would be pleased to meet in with an old fellow-soldier and one so mettle
as himself. As for you, my dear sir, my daughter and I would be proud to
receive our benefactor, whom we regard as a brother and a son. The
French nobleman has proved a person of the most filthy avarice of
character, and I have been necessitate to leave the _haras_. You will
find us, in consequence, a little poorly lodged in the _auberge_ of a
man Bazin on the dunes; but the situation is caller, and I make no doubt
but we might spend some very pleasant days, when Mr. Stewart and I could
recall our services, and you and my daughter divert yourselves in a
manner more befitting your age. I beg at least that Mr. Stewart would
come here; my business with him opens a very wide door."

"What does the man want with me?" cried Alan, when he had read. "What he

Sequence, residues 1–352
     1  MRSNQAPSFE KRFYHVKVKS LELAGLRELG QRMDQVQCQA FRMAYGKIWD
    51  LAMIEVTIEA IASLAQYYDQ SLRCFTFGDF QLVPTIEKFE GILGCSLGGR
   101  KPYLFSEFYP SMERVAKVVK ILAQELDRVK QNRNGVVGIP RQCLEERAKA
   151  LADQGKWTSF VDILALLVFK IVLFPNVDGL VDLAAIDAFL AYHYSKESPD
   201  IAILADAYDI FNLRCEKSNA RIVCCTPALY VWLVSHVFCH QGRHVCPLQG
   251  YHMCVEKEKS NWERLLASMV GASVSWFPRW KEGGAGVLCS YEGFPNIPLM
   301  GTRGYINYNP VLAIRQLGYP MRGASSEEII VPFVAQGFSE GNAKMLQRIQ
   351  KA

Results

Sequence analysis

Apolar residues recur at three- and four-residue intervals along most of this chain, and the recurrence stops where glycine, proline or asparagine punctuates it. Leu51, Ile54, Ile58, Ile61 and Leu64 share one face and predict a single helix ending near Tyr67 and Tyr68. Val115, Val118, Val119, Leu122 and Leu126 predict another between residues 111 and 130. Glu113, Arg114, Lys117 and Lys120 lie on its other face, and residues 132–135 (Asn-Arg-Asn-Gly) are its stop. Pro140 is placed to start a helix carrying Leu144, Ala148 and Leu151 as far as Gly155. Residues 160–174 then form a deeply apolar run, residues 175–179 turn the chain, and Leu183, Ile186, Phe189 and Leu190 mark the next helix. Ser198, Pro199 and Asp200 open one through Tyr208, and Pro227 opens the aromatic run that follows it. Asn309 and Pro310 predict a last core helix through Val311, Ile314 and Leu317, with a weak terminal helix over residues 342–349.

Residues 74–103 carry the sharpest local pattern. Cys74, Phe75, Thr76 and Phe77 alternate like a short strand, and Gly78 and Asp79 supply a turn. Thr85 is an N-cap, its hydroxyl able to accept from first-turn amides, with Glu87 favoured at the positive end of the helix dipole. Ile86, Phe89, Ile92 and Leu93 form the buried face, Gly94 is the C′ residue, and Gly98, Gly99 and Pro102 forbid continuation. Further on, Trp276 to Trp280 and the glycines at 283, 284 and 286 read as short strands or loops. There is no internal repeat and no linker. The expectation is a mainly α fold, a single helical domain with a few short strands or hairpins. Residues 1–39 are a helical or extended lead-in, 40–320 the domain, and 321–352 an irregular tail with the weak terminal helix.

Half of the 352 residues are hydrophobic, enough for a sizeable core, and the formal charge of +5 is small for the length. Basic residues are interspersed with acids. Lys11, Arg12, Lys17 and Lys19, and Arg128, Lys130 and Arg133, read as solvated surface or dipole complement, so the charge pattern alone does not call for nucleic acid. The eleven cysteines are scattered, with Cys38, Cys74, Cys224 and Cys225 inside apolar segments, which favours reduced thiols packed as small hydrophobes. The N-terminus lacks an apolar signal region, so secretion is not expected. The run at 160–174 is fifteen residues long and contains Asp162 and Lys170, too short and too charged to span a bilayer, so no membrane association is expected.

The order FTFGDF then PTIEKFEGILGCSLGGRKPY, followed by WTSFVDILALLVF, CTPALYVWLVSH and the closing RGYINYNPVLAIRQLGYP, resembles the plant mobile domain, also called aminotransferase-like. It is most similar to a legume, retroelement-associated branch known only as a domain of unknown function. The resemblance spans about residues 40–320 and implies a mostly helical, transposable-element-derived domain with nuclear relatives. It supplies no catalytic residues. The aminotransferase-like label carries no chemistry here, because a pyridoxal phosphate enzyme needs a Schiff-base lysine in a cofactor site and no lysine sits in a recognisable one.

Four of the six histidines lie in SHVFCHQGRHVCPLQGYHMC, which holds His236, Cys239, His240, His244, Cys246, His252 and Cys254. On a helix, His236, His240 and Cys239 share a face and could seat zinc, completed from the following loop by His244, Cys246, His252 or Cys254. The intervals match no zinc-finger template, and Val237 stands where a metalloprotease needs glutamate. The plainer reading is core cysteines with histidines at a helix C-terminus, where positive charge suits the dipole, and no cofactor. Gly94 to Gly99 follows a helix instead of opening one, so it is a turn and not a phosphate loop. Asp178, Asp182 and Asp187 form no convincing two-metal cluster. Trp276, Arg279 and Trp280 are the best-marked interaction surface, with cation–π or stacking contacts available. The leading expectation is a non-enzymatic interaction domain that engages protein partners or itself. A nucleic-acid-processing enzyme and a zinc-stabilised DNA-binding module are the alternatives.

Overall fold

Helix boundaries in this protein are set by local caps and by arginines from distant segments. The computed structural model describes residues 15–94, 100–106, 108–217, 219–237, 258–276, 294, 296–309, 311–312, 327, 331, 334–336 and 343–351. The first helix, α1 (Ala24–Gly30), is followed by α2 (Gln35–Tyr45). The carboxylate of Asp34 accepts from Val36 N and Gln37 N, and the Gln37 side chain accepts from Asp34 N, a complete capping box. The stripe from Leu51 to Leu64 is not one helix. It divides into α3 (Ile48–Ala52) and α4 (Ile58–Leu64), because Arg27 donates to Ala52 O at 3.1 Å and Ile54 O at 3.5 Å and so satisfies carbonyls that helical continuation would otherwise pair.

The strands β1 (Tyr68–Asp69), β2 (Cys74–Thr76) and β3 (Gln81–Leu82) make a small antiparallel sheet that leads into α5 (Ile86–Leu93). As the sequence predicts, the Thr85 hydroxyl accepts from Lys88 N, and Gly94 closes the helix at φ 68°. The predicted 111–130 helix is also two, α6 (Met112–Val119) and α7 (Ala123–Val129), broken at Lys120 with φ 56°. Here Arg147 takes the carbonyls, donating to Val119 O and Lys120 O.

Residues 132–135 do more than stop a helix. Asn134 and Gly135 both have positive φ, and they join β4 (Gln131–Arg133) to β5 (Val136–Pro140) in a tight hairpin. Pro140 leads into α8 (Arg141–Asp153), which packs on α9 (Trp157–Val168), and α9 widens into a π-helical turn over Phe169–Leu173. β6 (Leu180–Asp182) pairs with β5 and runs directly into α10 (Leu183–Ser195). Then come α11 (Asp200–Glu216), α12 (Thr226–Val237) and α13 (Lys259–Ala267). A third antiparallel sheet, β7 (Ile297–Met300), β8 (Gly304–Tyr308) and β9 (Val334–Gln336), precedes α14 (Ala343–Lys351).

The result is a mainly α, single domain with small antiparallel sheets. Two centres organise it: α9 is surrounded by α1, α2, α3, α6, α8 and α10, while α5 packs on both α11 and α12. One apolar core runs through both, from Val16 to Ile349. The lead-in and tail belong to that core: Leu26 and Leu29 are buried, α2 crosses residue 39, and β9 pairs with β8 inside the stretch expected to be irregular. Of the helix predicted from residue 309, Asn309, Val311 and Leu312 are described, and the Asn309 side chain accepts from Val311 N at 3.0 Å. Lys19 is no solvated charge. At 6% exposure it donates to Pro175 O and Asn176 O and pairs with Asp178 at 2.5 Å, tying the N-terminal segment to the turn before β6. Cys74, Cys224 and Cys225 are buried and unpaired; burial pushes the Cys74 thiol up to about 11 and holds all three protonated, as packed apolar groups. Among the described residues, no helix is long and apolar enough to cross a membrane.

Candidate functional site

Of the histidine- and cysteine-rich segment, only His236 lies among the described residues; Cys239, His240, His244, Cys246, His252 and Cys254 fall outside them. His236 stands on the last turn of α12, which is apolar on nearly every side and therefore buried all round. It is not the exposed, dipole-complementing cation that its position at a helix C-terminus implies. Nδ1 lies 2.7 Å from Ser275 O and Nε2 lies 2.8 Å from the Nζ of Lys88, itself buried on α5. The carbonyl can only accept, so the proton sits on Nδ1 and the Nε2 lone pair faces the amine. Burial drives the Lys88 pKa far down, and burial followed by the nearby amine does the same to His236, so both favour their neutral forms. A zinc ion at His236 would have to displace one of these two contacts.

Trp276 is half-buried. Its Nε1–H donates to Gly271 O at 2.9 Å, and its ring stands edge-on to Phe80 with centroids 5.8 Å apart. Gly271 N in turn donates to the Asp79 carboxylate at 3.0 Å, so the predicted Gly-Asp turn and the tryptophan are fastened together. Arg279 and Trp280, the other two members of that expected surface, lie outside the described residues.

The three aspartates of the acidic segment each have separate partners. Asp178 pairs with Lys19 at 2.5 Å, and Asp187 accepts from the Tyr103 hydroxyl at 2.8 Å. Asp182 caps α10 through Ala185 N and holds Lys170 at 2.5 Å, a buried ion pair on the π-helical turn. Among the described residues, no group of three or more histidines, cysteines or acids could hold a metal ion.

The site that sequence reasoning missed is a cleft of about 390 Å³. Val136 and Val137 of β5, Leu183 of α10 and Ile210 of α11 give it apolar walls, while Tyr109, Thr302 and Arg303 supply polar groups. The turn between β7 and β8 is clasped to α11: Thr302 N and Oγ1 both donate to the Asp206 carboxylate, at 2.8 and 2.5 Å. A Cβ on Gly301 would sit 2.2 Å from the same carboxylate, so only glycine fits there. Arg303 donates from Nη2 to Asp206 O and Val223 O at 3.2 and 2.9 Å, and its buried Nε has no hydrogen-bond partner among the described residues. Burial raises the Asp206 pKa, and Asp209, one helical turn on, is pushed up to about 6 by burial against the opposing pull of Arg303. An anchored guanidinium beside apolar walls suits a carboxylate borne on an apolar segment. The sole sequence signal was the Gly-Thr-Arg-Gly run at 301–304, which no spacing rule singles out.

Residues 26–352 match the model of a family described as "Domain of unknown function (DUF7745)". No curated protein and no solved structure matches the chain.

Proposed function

wants with you is clear enough--it's siller. But what can he want with
Alan Breck?"

"O, it'll be just an excuse," said I. "He is still after this marriage,
which I wish from my heart that we could bring about. And he asks you
because he thinks I would be less likely to come wanting you."

"Well, I wish that I kent," says Alan. "Him and me were never onyways
pack; we used to girn at ither like a pair of pipers. 'Something for my
ear,' quo' he! I'll maybe have something for his hinder end, before
we're through with it. Dod, I'm thinking it would be a kind of a
divertisement to gang and see what he'll be after! Forby that I could
see your lassie then. What say ye, Davie? Will ye ride with Alan?"

You may be sure I was not backward, and Alan's furlough running towards
an end, we set forth presently upon this joint adventure.

It was near dark of a January day when we rode at last into the town of
Dunkirk. We left our horses at the post, and found a guide to Bazin's
Inn, which lay beyond the walls. Night was quite fallen, so that we were
the last to leave that fortress, and heard the doors of it close behind
us as we passed the bridge. On the other side there lay a lighted